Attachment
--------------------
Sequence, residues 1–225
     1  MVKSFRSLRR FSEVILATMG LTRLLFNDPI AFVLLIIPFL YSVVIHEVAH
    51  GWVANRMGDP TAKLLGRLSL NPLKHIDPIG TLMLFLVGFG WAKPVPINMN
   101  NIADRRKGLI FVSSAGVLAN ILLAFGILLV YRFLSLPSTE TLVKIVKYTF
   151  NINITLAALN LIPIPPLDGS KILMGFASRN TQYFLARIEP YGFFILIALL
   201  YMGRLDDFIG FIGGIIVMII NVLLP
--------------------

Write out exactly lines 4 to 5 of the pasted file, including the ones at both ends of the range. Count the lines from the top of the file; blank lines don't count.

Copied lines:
   101  NIADRRKGLI FVSSAGVLAN ILLAFGILLV YRFLSLPSTE TLVKIVKYTF
   151  NINITLAALN LIPIPPLDGS KILMGFASRN TQYFLARIEP YGFFILIALL